List of Footnotes

1 Like most astronomical sources, pulsars are named after their position in the sky. Those pulsars discovered prior to the mid 1990s are named based on the Besselian equatorial coordinate system (B1950) and have a B prefix followed by their right ascension and declination. More recently discovered pulsars follow the Julian (J2000) epoch. Pulsars in globular clusters, where the positional designation is not unique, have additional characters to distinguish them. For example PSR J1748–2446ad in the globular cluster Terzan 5 [144Jump To The Next Citation Point].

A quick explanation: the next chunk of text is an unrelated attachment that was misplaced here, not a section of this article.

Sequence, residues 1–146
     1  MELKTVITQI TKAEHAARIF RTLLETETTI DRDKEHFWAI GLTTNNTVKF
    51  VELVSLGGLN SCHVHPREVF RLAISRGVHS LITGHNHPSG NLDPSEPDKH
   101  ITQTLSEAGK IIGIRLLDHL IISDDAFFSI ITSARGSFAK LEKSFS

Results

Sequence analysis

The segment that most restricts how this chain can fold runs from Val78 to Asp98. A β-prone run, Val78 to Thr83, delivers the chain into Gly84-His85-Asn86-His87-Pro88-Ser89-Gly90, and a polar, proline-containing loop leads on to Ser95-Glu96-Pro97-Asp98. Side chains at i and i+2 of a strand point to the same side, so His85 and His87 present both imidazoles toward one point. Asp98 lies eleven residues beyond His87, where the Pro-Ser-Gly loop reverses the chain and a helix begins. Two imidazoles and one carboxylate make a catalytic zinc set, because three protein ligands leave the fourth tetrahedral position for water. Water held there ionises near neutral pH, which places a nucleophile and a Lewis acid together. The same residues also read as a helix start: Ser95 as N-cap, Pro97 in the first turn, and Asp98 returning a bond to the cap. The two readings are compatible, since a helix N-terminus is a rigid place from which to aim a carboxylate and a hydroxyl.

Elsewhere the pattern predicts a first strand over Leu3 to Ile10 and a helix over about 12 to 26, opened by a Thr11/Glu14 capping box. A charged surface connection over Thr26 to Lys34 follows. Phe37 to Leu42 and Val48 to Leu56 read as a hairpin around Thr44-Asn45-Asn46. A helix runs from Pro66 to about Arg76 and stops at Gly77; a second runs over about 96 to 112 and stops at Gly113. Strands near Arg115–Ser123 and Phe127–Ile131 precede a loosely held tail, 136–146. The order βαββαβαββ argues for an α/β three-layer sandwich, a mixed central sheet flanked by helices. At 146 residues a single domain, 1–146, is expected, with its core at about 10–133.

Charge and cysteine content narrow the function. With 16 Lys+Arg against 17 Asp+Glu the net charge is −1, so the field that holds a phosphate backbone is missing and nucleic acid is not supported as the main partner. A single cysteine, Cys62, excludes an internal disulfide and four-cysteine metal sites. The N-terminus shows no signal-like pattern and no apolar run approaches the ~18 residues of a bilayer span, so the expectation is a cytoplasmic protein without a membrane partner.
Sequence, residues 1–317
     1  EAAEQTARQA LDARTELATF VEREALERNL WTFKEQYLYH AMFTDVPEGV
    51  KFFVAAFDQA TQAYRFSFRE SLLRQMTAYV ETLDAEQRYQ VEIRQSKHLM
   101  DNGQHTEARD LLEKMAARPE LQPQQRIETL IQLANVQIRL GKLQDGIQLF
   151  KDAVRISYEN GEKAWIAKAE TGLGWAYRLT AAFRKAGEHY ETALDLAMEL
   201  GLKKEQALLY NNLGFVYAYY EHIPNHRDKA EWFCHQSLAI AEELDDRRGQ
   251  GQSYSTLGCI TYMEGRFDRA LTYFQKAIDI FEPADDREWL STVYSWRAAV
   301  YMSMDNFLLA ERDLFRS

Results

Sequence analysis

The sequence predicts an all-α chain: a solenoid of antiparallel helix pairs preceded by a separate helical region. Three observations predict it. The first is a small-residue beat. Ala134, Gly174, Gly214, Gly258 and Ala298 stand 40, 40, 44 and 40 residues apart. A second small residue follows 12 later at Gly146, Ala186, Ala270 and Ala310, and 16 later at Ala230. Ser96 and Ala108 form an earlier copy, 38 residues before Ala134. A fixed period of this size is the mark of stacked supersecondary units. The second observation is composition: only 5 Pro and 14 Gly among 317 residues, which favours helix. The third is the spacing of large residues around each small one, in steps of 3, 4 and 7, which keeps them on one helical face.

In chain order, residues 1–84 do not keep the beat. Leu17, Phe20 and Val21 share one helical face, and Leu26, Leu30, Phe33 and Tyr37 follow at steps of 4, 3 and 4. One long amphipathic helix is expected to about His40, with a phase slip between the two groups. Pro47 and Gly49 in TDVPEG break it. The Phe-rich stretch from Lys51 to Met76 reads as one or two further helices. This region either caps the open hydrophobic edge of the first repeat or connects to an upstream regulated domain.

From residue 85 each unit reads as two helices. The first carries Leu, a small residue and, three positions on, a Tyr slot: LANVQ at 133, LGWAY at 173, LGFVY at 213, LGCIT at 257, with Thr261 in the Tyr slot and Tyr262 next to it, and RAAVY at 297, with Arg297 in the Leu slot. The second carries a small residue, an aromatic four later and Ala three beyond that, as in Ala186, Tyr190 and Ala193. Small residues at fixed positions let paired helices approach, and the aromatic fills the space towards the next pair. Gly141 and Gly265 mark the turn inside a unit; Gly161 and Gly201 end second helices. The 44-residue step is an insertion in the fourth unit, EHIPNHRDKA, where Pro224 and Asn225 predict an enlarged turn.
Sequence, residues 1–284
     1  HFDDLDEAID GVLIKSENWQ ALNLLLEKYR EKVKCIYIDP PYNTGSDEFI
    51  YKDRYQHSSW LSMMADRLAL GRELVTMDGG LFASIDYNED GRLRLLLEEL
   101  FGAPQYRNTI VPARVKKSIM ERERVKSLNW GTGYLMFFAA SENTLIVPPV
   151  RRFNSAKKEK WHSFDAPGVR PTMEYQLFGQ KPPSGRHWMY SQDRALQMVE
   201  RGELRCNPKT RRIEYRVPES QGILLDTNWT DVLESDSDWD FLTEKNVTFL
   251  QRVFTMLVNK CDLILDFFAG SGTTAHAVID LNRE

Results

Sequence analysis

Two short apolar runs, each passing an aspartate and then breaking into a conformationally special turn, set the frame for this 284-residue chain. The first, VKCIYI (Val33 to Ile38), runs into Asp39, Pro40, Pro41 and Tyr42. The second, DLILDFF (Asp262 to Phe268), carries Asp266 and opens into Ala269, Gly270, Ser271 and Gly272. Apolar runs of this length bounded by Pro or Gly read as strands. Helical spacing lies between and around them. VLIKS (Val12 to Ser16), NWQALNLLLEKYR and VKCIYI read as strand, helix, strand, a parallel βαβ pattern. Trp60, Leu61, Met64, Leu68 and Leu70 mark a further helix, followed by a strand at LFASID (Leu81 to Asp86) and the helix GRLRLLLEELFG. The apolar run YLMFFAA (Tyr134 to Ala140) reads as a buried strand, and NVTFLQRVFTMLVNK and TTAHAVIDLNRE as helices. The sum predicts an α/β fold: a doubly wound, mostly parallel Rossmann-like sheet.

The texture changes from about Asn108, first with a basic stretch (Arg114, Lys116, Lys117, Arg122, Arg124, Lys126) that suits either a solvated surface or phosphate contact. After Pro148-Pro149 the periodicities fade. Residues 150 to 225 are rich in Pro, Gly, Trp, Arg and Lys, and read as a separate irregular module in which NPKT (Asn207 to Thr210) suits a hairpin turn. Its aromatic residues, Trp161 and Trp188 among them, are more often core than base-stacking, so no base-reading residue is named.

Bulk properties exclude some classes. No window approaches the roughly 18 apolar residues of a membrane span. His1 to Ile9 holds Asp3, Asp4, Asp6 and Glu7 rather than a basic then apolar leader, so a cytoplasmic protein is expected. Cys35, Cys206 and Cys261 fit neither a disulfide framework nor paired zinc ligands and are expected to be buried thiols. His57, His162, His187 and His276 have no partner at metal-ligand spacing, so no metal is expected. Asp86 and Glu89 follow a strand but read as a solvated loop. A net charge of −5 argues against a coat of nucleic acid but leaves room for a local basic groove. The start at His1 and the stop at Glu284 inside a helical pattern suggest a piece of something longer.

2 Pulsar astronomers usually define the luminosity 2 L ≡ Sd, where S is the mean flux density at 400 MHz (a standard observing frequency) and d is the distance derived from the DM (see Section 2.4). Since this ignores any assumptions about beaming or geometrical factors, it is sometimes referred to as a “pseudoluminosity” [9].
3 The reader is encouraged to view the beautiful movies explaining the eclipse model [313]